Optical Sensor Arrays for Pharmaceutical and Biomedical Analyses
Pp. 354-381 (28)
Pavel Anzenbacher and Mehmet Gokhan Caglayan
Similarly to the sense of taste or smell, which is derived from triggering
multiple different signals in receptors of human tongue or in the nasal cavity, also
arrays of cross-reactive sensors give a rise to a characteristic response pattern specific
for each different analytes. While the artificial receptors and sensors are rarely
selective, the fingerprint-like response pattern is analyte specific and substitutes the
sensor selectivity. Thus, the sensing of a particular analyte or a group of analytes using
cross-reactive sensor arrays eliminates the need for analyte-specific sensors, which are
difficult to design and synthesize. Response patterns from optical sensor arrays can be
utilized in the development of low-cost analytical methods suitable for on-site analyses
with high sensitivity, which is especially useful in pharmaceutical and biomedical areas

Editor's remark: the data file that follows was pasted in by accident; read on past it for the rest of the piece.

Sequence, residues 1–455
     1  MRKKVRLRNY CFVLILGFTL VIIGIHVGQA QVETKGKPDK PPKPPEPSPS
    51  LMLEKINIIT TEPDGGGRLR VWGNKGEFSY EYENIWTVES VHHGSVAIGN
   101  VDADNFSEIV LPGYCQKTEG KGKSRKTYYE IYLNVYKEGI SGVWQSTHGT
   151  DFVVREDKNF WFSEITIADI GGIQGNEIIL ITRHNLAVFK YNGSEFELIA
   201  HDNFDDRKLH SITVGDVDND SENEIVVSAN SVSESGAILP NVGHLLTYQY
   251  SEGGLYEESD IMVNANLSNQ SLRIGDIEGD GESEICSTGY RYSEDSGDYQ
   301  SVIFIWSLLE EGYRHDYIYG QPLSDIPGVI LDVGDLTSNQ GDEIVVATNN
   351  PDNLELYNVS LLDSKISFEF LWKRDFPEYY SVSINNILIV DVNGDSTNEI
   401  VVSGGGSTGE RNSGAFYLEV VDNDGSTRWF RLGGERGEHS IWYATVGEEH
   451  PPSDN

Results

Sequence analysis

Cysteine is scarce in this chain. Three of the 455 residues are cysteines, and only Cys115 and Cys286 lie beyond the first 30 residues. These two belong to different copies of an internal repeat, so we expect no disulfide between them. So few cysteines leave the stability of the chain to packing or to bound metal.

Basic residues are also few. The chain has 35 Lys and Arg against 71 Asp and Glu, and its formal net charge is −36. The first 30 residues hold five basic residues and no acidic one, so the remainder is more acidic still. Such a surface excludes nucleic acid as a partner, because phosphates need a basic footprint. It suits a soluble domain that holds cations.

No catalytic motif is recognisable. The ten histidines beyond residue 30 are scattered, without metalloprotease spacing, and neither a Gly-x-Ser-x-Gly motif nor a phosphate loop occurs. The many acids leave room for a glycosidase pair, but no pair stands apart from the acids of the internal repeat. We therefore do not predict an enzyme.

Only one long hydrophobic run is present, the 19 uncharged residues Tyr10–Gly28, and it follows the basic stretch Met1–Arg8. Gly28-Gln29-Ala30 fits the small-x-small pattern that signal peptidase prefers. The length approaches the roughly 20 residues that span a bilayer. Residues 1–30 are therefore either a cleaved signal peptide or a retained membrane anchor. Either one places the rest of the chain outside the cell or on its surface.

that require the detection of very low concentration of analytes in complex biological
samples. This chapter focuses on the use of optical sensor arrays in pharmaceutical and
biomedical analyses and pattern recognition, and quantitative analysis of the results
using chemometric methods.
Array sensing, Artificial neural networks, Biomedical analysis,
Chemical sensors, Chiral analysis, Chemometric, Colorimetric, Cross-reactive
sensor arrays, Fluorescence, Hierarchical cluster analysis, Linear discriminant
analysis, Multivariate analysis, Optical sensors, Pharmaceutical analysis, Principal
component analysis, Support vector machines.
Center for Photochemical Sciences and Department of Chemistry, Bowling Green State University, Bowling Green, OH, USA.